Telecom major Vodafone's long-pending tax dispute with the government might be heading for a resolution, with the finance ministry considering changing the Income-Tax Act's retrospective amendment and taxing indirect transfer of assets prospectively from 2012, the year the law was clarified.
Alternatively, the ministry could consider issuing a circular to waive off interest and penalty in all such cases. But officials say that alone might not help the government shed the 'tax terrorism' tag, so the best possible solution could be doing away with retrospective taxation.
"In all probability, retrospective tax will go. The Income-Tax Act may be amended to clarify that Section 9 would be applied prospectively," said a government official asking not to be named.
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Key cases involving indirect transfer of assets
Senior Vodafone representatives had last week called on top finance ministry bureaucrats and sent feelers the British telecom firm wanted to settle the dispute amicably.
Though Vodafone has slapped an international arbitration notice on India in this case, the fact that the Constitutional validity of retrospective amendment has been challenged by some affected companies in various courts could be more worrying for the government.
IHC Mauritius Corporation and SABMiller had filed writ petitions in the Bombay High Court, while McLeod Russel India Ltd had challenged retro taxation in the Calcutta High Court. According to experts, if the courts rule in these companies' favour, there could be more trouble for the government.
"To address the dispute, the tax department needs to remove from the Act only one line that says the amendment will apply retrospectively from April 1962. That looks like the only ideal solution," says Sunil Jain, partner at J Sagar Associates, a law firm.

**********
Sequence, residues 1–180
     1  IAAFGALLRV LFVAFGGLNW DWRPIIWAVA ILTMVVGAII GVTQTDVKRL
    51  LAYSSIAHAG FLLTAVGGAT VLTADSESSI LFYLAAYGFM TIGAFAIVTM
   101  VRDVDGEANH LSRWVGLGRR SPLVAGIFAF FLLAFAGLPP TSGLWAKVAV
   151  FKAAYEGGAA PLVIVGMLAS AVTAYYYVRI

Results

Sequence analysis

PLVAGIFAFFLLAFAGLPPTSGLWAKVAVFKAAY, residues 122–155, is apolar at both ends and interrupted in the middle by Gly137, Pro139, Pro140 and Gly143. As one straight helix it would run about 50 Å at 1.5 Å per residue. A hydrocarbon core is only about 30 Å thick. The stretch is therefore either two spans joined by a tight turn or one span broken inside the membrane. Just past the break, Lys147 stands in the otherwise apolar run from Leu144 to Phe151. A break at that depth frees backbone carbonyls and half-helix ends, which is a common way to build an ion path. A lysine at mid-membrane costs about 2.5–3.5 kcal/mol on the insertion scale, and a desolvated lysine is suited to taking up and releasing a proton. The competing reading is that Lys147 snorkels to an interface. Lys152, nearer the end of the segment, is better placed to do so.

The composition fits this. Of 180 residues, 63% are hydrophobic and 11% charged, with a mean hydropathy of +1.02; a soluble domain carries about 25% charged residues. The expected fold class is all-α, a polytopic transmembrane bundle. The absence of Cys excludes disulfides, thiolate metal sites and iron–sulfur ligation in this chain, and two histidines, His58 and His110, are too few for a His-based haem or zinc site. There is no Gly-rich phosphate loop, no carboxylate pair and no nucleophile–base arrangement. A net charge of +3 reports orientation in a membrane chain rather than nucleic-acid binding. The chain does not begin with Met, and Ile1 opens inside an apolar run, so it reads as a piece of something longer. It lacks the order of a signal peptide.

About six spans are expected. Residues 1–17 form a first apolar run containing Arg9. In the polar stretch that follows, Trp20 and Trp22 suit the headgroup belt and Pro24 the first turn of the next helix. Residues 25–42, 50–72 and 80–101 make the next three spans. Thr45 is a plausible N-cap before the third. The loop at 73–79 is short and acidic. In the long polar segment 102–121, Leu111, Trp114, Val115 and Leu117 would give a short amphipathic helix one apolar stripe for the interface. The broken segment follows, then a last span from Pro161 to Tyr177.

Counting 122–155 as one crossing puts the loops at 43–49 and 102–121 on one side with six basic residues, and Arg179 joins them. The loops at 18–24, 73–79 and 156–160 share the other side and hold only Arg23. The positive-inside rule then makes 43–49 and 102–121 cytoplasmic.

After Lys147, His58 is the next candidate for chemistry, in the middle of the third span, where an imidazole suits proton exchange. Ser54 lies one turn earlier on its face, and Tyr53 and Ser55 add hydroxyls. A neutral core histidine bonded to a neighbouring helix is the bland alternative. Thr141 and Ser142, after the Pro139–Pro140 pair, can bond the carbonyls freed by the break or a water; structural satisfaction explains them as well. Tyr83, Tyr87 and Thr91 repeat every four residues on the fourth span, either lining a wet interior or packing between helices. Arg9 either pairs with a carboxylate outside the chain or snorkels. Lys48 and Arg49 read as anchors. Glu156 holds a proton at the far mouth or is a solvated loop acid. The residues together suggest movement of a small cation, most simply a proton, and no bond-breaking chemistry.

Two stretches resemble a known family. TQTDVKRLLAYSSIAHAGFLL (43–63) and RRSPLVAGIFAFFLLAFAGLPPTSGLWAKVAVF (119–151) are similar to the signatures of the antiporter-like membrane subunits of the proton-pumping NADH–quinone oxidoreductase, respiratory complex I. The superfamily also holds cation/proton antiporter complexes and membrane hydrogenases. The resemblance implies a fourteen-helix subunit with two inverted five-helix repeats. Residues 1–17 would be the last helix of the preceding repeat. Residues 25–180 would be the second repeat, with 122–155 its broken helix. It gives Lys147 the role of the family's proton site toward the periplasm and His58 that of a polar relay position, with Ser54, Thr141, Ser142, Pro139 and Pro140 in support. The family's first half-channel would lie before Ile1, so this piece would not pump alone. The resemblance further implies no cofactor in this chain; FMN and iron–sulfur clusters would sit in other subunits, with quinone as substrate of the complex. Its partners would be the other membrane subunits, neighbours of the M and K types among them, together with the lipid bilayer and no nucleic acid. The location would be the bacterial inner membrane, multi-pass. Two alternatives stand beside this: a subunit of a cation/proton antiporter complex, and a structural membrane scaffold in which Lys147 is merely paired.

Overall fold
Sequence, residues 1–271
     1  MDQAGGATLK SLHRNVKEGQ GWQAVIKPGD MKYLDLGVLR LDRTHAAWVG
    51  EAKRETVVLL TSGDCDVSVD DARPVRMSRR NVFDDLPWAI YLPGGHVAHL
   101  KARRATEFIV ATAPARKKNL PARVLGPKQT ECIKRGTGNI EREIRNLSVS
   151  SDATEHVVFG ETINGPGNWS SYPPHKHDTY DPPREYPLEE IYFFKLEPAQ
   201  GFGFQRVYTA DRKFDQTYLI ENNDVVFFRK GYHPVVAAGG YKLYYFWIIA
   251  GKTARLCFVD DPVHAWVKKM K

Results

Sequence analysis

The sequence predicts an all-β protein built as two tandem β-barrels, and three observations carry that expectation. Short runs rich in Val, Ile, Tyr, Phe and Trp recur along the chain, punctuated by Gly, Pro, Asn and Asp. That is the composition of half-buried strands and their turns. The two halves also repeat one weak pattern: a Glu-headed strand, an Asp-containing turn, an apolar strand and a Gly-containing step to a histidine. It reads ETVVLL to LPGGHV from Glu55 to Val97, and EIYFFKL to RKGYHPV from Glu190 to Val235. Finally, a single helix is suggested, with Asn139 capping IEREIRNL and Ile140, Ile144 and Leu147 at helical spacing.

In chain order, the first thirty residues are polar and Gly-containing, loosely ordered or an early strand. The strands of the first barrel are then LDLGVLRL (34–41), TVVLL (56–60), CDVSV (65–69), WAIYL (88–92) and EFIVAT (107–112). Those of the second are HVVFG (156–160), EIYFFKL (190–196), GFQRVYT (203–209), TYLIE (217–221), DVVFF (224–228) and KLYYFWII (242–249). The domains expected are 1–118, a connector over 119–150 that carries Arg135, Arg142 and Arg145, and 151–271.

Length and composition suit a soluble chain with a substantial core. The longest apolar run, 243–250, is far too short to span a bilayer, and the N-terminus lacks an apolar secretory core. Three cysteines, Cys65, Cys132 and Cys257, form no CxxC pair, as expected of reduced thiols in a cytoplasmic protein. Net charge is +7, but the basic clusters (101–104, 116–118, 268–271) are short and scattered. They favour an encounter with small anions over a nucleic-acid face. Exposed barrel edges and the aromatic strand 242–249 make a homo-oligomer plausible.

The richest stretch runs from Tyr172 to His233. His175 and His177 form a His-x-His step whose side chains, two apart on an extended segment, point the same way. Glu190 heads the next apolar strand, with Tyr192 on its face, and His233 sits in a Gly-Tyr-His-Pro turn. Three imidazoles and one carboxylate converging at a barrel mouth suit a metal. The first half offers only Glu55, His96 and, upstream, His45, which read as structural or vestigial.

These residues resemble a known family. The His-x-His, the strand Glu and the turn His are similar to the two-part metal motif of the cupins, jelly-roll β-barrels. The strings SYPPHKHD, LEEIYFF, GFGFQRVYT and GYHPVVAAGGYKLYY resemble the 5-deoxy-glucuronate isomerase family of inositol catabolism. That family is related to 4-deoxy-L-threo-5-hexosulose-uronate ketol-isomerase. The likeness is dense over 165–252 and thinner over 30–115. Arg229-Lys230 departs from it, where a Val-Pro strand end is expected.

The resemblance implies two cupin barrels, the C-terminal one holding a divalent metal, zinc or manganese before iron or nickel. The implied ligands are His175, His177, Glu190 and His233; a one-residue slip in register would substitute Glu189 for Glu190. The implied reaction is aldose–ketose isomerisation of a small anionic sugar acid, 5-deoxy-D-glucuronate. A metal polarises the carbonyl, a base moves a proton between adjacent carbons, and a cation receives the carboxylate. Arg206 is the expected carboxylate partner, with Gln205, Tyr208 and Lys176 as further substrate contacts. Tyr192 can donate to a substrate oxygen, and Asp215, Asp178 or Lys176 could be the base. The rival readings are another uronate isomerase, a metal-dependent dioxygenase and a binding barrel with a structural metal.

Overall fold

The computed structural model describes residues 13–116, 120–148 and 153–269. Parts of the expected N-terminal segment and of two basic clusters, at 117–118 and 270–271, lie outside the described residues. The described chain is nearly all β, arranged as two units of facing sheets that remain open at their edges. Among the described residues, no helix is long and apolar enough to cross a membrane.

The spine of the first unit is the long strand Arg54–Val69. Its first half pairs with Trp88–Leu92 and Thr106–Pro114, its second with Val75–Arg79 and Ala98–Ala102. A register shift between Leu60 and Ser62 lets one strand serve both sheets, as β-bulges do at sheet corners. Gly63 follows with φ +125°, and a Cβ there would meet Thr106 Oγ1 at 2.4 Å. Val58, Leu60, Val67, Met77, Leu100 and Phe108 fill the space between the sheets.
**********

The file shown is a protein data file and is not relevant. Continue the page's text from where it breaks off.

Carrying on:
Amendment to Section 9 of the Act, introduced in Budget 2012-13 by then finance minister Pranab Mukherjee, mainly affected Vodafone. The company had won the case in the Supreme Court but the apex court's decision was upturned by this amendment.
Asked about revenue loss to the government if a waiver was given, the official said there were very few similar cases and the amount involved would not be huge. "Besides the tax due from Vodafone, there would be a few thousand crore rupees more from other companies," he explained.
However, the issue before the government, if it makes the tax prospective, would be refunding the taxes already paid by some companies.
The tax department had slapped a Rs 7,900-crore demand on Vodafone for its 2007 acquisition of Hutchison Whampoa's assets in Hutchison-Essar (now Vodafone India) in foreign deals. A 100 per cent penalty and interest on the demand takes the total to over Rs 20,000 crore.
"We don't have a strong case to levy penalty. But, since no assessment is pending against Vodafone, it cannot approach the Settlement Commission for a penalty waiver. The government can issue a circular to waive off penalty and interest," said another official. J Sagar's Jain, however, said not all companies would be willing to pay even the principal amount, as their case might slightly differ from Vodafone's.
Meanwhile, the finance ministry is drafting a reply to Vodafone's arbitration notice. It will insist that tax issues not be covered in the India-Netherlands Bilateral Investment Promotion Agreement, under which the notice was served.
Former finance minister P Chidambaram had last year proposed conciliation with Vodafone. However, that proposal was withdrawn later, as Vodafone wanted to club another transfer-pricing case in the conciliation.
Meanwhile, the Cabinet had asked the finance ministry to wait for the Income Tax Appellate Tribunal's order on the transfer-pricing issue.
But Vodafone reportedly said it did not see any merit in waiting for the ITAT order. Also, Vodafone wanted conciliation under the United Nations Commission on International Trade Law, while the government did not want it outside the Indian Arbitration and Conciliation Act.